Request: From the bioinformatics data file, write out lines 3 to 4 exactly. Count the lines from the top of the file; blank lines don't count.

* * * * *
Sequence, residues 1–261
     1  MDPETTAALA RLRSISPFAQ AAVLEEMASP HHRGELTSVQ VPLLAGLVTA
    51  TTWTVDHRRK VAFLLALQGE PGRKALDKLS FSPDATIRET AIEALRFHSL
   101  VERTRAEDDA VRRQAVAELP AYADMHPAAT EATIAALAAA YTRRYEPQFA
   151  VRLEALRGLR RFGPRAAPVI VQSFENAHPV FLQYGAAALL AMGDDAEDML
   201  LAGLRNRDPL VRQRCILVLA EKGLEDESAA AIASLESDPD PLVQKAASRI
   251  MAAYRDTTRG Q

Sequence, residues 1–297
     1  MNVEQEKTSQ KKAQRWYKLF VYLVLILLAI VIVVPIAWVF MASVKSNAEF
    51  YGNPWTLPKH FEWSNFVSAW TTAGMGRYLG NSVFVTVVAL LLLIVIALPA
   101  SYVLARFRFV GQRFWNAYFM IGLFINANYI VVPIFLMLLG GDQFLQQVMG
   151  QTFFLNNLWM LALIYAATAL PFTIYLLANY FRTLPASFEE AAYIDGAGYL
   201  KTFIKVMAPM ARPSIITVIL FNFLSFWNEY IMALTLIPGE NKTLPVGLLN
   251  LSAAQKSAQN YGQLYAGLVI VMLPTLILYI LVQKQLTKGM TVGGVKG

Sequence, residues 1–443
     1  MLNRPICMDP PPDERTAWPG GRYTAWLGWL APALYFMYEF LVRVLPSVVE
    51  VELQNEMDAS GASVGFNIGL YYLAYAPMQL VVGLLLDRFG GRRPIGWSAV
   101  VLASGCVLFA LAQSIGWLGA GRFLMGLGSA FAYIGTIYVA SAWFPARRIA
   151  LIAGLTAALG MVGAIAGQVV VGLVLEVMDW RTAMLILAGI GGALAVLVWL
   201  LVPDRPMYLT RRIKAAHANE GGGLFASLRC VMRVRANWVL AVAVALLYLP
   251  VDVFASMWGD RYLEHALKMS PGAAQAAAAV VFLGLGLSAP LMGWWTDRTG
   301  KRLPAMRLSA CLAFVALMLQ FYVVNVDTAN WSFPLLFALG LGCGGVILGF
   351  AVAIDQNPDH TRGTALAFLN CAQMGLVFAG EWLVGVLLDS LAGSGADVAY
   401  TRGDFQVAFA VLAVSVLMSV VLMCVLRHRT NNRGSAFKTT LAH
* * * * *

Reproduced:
    51  TTWTVDHRRK VAFLLALQGE PGRKALDKLS FSPDATIRET AIEALRFHSL
   101  VERTRAEDDA VRRQAVAELP AYADMHPAAT EATIAALAAA YTRRYEPQFA